During the strike-shortened 1987 season, quarterback Boomer Esiason and head coach Sam Wyche had openly feuded, and the team finished with a miserable 4–11 record. In 1988, both returned and the Bengals would win 12 and lose 4, capturing the AFC Central title.
In the playoffs, the Bengals went on to defeat the Seattle Seahawks 21–13, and the Buffalo Bills 21–10. Ickey Woods was the key contributor in both wins, rushing for a combined total of 228 yards and 3 touchdowns. Cincinnati’s 17th-ranked defense during the season made major improvements in the playoffs and held their opponents to a combined total of 23 points while hauling in 5 interceptions.
Despite the Bengals’ superior regular season record and quarterback Boomer Esiason’s MVP award, the 49ers were heavily favored to win the Super Bowl, mainly because of their quarterback, Joe Montana. Montana had already led the 49ers to two previous Super Bowls and both times left with a championship ring and the Super Bowl MVP honors. Boomer was also suffering from a sore left (throwing) shoulder, although the Bengals tried to keep it under wraps and made up for a lack of big-play passing attack with a run-heavy offense led by Woods and Brooks against their first two playoff opponents, Seattle and Buffalo.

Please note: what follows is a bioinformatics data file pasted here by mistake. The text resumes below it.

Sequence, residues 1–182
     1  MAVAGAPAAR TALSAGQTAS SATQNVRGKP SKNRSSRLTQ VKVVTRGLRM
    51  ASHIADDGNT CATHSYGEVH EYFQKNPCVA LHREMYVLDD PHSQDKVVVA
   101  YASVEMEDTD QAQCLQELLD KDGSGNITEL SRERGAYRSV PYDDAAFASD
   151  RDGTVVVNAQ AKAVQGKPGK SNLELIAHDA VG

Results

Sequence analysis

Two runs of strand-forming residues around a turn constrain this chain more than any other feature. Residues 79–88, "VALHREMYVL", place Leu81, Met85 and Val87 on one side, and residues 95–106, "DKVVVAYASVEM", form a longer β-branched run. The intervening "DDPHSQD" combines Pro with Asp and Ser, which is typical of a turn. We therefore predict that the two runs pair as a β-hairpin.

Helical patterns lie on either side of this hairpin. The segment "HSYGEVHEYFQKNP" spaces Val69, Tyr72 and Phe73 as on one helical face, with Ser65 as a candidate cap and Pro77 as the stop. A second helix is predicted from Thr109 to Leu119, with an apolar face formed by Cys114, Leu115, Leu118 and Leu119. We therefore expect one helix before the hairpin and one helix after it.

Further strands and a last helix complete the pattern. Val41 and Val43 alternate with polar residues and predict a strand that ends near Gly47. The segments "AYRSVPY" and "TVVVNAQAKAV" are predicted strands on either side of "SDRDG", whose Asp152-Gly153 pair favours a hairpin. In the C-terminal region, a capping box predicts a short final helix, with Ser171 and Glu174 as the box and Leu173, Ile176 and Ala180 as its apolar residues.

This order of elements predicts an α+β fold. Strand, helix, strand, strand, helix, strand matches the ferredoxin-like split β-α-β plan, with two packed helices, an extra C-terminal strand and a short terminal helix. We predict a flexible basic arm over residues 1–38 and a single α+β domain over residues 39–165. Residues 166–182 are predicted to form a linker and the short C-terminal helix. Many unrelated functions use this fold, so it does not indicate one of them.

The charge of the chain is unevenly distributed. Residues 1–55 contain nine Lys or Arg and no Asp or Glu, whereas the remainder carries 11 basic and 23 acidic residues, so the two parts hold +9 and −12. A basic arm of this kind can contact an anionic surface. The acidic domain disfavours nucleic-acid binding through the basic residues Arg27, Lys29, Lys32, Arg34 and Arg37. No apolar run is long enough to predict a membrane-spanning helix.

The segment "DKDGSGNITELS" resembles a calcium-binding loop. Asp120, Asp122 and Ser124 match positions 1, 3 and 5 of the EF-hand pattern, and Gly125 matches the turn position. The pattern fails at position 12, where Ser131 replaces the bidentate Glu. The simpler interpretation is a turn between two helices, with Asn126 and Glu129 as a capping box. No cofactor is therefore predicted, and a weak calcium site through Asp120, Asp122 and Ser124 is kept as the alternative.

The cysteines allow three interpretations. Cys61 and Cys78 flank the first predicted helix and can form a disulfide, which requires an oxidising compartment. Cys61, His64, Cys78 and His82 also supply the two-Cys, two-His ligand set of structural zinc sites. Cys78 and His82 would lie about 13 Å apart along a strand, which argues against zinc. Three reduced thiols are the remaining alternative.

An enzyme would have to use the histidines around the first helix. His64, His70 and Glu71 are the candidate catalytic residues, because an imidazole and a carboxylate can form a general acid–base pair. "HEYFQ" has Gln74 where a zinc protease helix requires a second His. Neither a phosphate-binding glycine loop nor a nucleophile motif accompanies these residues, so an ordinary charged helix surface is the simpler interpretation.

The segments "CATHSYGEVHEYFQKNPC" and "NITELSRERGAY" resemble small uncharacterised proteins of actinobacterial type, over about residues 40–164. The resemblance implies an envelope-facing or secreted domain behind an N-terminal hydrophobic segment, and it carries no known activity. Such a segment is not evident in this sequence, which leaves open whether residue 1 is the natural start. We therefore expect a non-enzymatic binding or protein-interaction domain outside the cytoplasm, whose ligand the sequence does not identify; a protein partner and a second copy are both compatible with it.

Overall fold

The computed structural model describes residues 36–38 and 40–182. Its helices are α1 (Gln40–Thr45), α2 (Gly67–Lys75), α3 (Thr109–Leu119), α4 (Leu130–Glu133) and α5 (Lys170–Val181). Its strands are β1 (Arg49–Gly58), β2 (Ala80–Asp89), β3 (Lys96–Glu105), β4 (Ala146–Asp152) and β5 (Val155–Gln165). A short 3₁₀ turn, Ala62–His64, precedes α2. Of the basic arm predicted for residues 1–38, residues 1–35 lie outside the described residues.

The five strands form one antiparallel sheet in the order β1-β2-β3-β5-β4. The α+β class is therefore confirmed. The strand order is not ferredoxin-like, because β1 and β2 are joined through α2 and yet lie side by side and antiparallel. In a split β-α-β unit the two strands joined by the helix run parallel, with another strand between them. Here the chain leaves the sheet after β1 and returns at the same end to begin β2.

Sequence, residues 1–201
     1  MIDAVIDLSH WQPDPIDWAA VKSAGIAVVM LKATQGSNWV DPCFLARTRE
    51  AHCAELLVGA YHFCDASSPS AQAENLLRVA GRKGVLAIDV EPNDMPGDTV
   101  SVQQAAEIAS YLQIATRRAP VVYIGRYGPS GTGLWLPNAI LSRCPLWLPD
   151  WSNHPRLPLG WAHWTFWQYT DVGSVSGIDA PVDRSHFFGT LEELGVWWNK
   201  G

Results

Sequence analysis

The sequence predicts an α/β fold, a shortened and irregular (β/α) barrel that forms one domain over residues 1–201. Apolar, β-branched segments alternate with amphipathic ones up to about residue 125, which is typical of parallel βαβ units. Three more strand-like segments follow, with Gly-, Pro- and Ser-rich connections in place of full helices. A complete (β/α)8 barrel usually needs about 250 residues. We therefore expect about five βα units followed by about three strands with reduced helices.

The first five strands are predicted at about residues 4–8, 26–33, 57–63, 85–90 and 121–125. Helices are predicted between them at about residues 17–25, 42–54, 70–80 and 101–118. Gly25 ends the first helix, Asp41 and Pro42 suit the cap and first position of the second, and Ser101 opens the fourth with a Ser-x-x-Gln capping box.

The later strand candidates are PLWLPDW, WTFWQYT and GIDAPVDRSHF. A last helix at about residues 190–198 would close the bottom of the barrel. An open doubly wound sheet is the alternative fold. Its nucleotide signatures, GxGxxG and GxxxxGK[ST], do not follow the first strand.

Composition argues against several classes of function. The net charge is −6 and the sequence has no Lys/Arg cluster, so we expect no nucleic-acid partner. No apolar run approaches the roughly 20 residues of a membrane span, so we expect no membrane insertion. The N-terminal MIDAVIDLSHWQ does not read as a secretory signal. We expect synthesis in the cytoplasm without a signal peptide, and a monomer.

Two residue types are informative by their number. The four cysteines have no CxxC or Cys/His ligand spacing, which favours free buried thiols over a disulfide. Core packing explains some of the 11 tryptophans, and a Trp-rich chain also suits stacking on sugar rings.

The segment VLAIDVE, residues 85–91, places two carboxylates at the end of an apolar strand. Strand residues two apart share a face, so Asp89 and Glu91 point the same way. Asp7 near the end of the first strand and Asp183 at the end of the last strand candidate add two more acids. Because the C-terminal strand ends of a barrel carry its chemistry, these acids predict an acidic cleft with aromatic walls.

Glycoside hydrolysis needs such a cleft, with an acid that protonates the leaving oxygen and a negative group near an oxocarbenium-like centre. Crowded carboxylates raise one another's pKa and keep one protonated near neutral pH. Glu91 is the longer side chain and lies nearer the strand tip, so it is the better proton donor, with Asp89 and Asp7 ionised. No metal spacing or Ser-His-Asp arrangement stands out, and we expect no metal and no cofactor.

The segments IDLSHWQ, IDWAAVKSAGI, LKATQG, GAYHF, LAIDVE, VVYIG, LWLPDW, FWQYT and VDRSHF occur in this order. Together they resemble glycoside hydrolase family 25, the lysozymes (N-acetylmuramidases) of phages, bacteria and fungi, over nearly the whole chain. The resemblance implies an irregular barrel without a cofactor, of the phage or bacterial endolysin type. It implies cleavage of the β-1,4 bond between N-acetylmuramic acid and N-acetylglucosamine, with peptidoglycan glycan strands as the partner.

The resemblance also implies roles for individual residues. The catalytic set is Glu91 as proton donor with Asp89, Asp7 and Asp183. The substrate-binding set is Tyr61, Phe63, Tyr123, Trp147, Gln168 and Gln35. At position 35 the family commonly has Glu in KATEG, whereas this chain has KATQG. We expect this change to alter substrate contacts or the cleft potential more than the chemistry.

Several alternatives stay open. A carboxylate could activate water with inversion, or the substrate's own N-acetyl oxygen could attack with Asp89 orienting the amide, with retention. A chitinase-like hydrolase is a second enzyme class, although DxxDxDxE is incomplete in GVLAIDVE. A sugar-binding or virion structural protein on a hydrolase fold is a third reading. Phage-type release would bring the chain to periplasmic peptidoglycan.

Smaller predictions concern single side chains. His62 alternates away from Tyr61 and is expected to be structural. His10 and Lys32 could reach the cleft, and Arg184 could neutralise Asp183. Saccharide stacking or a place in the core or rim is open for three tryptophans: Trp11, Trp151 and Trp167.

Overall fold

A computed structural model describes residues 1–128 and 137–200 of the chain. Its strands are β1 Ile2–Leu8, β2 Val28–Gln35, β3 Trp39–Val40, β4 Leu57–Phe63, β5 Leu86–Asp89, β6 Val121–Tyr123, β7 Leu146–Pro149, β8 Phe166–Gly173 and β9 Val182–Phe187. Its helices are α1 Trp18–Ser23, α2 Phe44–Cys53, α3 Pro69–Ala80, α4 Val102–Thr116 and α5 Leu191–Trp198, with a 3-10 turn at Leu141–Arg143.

On the eve of Super Bowl XXIII, Bengals running back Stanley Wilson told several teammates that he needed to get his playbook before their last meeting prior to the game. Twenty minutes later, his position coach, Jim Anderson, found him in a bathroom, deep in the throes of a cocaine high. The Bengals had no choice but to leave Wilson off the roster. Wilson’s relapse was his third offense under the NFL’s drug policy, and he was banned from the league for life.
Then on this date in 1989… well this is how that night ended:
First, there was this:
Then a few series later came this:
I will leave it at that.